, Volume 117, Issue 5, pp 411-427
Date: 28 Jun 2005

A systematic analysis of LINE-1 endonuclease-dependent retrotranspositional events causing human genetic disease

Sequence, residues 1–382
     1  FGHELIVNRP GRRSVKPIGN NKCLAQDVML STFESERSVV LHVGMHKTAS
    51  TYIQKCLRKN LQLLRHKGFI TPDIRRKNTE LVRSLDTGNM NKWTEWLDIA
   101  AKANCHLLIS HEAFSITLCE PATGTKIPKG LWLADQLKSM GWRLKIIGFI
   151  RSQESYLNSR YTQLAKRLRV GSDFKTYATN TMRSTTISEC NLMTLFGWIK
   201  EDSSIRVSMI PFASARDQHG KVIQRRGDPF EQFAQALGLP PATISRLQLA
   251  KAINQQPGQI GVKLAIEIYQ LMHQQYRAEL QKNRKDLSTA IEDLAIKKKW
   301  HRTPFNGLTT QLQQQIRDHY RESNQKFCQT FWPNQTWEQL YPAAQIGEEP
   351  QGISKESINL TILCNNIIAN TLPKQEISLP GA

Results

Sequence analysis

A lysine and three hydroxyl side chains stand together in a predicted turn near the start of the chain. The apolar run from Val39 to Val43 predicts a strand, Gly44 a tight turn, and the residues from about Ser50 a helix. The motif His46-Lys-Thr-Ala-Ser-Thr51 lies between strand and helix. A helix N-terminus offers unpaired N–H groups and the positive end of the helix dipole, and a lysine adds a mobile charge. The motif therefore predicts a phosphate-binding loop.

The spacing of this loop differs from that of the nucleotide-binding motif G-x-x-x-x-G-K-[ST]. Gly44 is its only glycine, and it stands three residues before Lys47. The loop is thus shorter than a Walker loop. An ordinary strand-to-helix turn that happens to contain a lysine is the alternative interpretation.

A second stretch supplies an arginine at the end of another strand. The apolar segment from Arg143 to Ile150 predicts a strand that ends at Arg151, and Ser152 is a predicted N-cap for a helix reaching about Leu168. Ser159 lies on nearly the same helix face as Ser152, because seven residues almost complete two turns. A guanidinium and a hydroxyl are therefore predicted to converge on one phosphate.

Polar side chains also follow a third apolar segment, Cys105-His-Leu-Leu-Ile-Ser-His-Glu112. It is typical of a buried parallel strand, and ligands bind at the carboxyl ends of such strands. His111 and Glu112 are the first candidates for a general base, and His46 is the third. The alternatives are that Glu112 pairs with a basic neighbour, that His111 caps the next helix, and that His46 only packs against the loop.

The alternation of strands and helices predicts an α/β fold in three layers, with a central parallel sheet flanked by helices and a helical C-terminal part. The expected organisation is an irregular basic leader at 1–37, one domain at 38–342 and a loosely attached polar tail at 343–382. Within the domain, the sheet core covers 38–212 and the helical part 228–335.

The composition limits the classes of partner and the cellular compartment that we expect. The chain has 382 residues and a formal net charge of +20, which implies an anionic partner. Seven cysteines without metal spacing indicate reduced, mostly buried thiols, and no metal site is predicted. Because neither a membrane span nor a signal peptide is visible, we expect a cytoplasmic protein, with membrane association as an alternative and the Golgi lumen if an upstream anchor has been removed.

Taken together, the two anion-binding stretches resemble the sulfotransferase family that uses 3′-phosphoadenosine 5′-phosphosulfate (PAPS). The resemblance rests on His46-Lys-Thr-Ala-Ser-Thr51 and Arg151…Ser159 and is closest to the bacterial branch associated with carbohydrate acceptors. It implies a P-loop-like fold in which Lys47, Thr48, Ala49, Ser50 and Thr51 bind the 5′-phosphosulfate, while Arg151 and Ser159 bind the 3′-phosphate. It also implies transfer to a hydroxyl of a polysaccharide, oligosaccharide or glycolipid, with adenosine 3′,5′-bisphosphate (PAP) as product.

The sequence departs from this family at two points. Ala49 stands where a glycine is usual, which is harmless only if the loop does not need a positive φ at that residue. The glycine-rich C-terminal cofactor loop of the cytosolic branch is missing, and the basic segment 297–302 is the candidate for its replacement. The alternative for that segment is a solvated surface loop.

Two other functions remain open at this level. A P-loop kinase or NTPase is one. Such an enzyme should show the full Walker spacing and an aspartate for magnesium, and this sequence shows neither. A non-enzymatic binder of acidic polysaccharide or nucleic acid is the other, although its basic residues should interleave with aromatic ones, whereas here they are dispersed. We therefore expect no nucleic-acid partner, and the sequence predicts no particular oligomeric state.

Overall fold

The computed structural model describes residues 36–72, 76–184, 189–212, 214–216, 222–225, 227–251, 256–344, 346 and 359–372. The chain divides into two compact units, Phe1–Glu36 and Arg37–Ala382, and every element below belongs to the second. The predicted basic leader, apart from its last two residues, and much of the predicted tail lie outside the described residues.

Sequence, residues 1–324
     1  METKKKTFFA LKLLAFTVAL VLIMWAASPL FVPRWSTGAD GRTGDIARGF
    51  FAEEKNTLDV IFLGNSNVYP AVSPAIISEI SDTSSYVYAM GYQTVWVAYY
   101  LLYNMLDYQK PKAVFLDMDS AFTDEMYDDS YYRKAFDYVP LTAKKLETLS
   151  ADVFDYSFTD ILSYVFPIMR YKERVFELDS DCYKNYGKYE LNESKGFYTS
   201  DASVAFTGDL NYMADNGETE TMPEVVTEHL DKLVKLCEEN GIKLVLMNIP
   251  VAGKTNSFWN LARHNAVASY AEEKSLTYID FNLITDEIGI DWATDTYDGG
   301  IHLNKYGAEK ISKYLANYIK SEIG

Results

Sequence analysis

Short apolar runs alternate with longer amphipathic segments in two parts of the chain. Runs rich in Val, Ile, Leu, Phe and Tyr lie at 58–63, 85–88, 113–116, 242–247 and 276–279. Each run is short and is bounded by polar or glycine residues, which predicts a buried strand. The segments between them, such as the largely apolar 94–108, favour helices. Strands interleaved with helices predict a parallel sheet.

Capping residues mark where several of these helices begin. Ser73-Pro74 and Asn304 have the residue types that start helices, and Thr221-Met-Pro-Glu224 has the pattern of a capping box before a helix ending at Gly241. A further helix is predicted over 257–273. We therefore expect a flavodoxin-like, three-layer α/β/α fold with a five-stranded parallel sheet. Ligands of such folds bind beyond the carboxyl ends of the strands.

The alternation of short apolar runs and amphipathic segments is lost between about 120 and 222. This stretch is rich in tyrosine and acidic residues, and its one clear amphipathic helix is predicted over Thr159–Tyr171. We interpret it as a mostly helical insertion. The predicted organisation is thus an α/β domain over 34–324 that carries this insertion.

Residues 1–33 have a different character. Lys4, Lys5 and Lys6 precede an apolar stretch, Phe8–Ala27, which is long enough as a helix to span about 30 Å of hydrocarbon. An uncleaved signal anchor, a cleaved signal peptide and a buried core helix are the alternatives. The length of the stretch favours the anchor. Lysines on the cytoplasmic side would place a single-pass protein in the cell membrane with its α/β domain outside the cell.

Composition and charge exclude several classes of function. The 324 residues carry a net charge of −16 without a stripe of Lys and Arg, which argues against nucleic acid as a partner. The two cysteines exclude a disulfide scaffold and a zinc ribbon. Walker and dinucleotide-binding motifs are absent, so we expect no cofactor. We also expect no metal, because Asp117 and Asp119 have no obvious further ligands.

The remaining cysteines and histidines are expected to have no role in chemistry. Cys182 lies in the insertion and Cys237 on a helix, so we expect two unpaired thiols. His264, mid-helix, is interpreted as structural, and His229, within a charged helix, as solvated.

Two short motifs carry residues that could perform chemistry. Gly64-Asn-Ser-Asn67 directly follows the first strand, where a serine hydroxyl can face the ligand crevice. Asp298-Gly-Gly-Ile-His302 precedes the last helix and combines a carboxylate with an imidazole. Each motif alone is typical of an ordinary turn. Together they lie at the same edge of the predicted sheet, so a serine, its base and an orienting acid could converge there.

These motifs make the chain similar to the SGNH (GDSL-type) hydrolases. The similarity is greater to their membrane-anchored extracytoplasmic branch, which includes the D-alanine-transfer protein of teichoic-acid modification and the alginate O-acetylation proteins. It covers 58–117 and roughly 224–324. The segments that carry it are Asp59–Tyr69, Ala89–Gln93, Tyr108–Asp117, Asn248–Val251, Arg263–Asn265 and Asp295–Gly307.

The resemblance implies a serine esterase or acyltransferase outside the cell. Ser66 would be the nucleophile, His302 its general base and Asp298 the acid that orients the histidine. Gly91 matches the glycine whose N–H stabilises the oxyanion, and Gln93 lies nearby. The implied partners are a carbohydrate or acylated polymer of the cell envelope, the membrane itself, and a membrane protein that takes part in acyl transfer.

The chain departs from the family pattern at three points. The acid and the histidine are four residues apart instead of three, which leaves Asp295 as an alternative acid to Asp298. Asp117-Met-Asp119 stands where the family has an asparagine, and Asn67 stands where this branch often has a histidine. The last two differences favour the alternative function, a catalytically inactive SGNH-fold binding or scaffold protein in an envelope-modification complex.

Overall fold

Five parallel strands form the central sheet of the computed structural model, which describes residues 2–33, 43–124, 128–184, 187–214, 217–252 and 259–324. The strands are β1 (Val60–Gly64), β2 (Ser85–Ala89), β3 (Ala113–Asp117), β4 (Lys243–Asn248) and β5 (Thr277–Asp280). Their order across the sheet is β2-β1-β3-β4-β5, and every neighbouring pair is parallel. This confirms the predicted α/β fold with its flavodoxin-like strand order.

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Diverse long interspersed element-1 (LINE-1 or L1)-dependent mutational mechanisms have been extensively studied with respect to L1 and Alu elements engineered for retrotransposition in cultured cells and/or in genome-wide analyses. To what extent the in vitro studies can be held to accurately reflect in vivo events in the human genome, however, remains to be clarified. We have attempted to address this question by means of a systematic analysis of recent L1-mediated retrotranspositional events that have caused human genetic disease, with a view to providing a more complete picture of how L1-mediated retrotransposition impacts upon the architecture of the human genome. A total of 48 such mutations were identified, including those described as L1-mediated retrotransposons, as well as insertions reported to contain a poly(A) tail: 26 were L1 trans-driven Alu insertions, 15 were direct L1 insertions, four were L1 trans-driven SVA insertions, and three were associated with simple poly(A) insertions. The systematic study of these lesions, when combined with previous in vitro and genome-wide analyses, has strengthened several important conclusions regarding L1-mediated retrotransposition in humans: (a) approximately 25% of L1 insertions are associated with the 3′ transduction of adjacent genomic sequences, (b) ~25% of the new L1 inserts are full-length, (c) poly(A) tail length correlates inversely with the age of the element, and (d) the length of target site duplication in vivo is rarely longer than 20 bp. Our analysis also suggests that some 10% of L1-mediated retrotranspositional events are associated with significant genomic deletions in humans. Finally, the identification of independent retrotranspositional events that have integrated at the same genomic locations provides new insight into the L1-mediated insertional process in humans.